The Federal Reserve's move to pull back, or "taper," its stimulus efforts hasn't caused the volatility or spike in rates that many feared. The 10-year Treasury rate is holding steady at roughly 2.7%, and although many economists predict rates will begin to creep up to the low 3% range later in 2014, it is this stability, not the rates themselves, that should be on investors' minds.
With that in mind, how could this affect my three favorite types of investments for 2014: bank stocks such as Wells Fargo (NYSE:WFC), mortgage REITs such as Annaly Capital Management (NYSE:NLY), and real estate?
The banks: lend, lend, lend
The major way banks will be affected is through lending, and mortgages in particular. This goes hand in hand with real estate, which I'll discuss in a bit, but people are generally more hesitant to buy (and refinance) when interest rates are unstable, unless they are at extreme lows like they were a year ago. As a result, mortgage lending has declined a bit, particularly refinancing.
However, even after the spike during the latter half of 2013, mortgage rates are still pretty low on a historical basis. Once homeowners begin to realize that 3.5% 30-year mortgages are not coming back anytime soon, we'll begin to see refinancing drift back up.
Additionally, we could see credit standards begin to loosen as banks see stability in rates, which creates a lower perception of risk. We're already seeing 5% down traditional mortgages from Wells and several other banks, which was unheard of in the years immediately following the housing crash. Once the market perceives that rates are going to be stable for a while, other looser lending standards could make a reappearance, such as lower minimum credit scores.
Mortgage REITs: When you're dealing with leverage like this, stability is a must!
Mortgage REITs make excellent money when rates are stable, while spiking interest rates can erode their profits very quickly, and even lead to losses. These companies make their profits by borrowing money to buy up mortgage securities. The idea is that the cost of borrowing money is less than the interest rate earned on the mortgages in the portfolio, and the mREIT pockets the difference as its profit.
The recent dividend cuts seen virtually across the board in mortgage REITs can be attributed to the rate spike caused by the uncertainty of the Fed's monetary policy. As a result, the spread (the difference between the interest rates collected and paid by the companies) eroded significantly, and many mREITs are paying out dividends of roughly half of what they were paying in 2012.
Real estate: Proceed with the housing recovery
Pending sales of existing homes in the U.S. fell to their lowest level in more than two years in December, falling by 8.7%. This continues the trend that has been apparent since the end of the summer. Simply put, the housing market cooled off in the second half of 2013.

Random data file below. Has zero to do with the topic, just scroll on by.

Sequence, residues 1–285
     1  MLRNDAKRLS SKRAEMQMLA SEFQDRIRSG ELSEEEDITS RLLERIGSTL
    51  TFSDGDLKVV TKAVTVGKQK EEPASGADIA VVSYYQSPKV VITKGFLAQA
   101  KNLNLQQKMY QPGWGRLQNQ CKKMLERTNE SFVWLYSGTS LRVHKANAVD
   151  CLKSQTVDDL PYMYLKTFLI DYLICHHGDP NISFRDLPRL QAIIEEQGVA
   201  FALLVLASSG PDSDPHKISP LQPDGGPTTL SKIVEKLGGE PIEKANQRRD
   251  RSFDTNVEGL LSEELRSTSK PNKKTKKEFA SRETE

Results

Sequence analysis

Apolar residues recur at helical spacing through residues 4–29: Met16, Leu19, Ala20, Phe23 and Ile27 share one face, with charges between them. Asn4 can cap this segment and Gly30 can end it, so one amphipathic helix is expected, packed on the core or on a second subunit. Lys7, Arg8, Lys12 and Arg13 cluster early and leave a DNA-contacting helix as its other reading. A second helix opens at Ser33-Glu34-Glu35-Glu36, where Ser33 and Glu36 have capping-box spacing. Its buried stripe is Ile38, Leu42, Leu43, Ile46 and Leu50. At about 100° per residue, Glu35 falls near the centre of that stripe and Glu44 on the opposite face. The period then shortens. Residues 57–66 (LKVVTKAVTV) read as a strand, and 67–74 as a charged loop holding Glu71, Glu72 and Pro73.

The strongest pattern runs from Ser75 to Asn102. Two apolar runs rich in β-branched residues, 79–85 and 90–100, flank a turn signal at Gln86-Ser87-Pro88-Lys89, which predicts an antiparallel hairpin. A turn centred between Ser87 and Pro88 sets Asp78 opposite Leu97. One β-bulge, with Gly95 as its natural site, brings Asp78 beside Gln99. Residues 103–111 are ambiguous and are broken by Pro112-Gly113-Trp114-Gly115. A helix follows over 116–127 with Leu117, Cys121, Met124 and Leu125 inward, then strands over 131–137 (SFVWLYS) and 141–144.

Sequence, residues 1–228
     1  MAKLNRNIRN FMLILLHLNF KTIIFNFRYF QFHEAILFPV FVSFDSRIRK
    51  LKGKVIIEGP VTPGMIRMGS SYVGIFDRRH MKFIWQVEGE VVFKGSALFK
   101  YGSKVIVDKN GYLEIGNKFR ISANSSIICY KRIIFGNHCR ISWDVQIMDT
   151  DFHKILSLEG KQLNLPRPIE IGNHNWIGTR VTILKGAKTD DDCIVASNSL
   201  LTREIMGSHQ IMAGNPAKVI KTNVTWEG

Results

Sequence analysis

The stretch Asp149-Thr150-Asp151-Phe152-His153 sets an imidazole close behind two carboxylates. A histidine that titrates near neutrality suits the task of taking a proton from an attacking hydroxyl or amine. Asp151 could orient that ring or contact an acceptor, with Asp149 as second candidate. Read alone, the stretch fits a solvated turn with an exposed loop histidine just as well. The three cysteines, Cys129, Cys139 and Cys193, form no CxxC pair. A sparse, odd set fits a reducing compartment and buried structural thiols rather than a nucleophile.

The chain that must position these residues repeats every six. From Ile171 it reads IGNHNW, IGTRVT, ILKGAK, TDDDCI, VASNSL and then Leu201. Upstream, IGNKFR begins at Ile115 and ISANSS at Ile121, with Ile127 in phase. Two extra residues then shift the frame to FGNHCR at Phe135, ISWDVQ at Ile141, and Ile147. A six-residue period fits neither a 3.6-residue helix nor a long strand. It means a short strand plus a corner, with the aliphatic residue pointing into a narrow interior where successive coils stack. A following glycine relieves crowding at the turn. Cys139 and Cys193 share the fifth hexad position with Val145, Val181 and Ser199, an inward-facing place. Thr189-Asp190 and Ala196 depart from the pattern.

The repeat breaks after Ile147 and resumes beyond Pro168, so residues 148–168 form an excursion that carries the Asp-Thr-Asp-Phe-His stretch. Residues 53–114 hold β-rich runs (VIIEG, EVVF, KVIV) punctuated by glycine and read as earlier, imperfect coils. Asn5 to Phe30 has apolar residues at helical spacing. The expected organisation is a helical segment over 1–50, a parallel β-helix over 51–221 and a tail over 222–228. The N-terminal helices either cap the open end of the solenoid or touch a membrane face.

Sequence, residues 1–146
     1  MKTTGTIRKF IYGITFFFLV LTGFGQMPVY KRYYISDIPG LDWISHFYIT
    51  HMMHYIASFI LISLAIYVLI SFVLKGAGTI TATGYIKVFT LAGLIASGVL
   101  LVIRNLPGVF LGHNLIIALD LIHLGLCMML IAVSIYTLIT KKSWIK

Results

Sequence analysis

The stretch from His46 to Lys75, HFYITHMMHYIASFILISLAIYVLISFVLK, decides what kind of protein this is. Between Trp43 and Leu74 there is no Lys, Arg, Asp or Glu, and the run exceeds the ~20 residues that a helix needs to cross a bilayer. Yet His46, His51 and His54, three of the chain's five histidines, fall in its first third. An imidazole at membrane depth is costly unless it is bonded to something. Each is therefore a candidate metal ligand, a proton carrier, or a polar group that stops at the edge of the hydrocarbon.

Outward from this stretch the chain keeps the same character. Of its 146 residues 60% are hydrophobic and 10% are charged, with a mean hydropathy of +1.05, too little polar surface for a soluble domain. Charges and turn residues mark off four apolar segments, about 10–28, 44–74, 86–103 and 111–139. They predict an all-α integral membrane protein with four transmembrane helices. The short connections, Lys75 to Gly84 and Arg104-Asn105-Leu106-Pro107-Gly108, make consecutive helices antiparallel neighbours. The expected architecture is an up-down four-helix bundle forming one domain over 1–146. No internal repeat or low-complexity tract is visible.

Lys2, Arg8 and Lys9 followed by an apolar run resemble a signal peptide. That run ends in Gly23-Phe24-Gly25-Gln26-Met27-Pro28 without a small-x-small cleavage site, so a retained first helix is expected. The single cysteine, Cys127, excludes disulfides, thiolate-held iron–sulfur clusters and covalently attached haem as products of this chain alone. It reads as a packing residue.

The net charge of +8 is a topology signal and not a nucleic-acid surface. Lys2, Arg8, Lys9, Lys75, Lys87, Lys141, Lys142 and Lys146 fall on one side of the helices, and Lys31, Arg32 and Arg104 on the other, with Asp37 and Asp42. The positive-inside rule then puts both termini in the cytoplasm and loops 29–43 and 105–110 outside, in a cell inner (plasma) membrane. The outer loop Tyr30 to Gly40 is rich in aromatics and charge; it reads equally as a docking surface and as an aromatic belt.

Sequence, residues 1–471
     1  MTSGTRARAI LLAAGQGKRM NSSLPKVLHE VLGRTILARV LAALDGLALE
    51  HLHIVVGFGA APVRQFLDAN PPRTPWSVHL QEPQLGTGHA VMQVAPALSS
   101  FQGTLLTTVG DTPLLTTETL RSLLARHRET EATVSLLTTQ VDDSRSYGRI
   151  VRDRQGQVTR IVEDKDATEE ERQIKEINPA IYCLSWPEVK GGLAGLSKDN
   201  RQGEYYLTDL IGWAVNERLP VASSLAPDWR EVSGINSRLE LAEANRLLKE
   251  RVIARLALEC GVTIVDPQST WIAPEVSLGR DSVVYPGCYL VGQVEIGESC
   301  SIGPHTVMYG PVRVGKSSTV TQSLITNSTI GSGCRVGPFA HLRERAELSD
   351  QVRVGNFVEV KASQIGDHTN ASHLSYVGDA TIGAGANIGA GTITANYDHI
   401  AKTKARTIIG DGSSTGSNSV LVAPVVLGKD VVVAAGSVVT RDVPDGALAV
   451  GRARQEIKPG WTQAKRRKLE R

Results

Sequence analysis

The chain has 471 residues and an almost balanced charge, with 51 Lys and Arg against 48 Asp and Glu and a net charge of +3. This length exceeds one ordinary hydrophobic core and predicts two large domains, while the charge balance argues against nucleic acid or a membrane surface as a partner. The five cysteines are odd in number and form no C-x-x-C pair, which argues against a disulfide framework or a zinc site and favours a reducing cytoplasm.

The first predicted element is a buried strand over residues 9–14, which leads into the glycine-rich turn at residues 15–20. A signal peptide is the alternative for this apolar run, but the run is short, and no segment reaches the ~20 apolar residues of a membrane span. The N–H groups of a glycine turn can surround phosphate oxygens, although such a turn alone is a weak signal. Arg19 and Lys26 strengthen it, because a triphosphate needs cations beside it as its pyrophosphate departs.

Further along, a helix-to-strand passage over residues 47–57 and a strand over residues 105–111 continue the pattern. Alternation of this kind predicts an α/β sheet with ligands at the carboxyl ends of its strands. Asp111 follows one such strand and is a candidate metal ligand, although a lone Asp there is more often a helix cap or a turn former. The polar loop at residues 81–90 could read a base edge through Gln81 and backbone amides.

Now that the Fed has given us some clarification by beginning the taper, mortgage rates are settling a bit and have actually dropped a little since the peak of the recent spike. Because of the volatile rates we've seen lately, potential homebuyers may have been waiting on the sidelines in hope that rates would come down to the ridiculously low levels we saw earlier in 2013. Once people begin to realize that rates in the low 3% range are a thing of the past, we'll see a new influx of buyers into the market, since rates of about 4.5% are still very low on a historic basis.
Foolish bottom line
The point here is that stability is a good thing. Banks will be able to use leverage more safely and comfortably, which drives profits for investors and makes borrowing money easier for consumers. Mortgage REITs are in a better position to capitalize on interest rate spreads and don't have to worry as much about volatility in rates destroying their profits. Stability also provides some comfort for homebuyers and can allow the still-fragile housing recovery to continue.
So, while extremely low rates are good for the financial sector and housing market, stable rates can be even better.
Matthew Frankel owns shares of Annaly Capital Management. The Motley Fool recommends Wells Fargo. The Motley Fool owns shares of Wells Fargo. Try any of our Foolish newsletter services free for 30 days. We Fools may not all hold the same opinions, but we all believe that considering a diverse range of insights makes us better investors. The Motley Fool has a disclosure policy.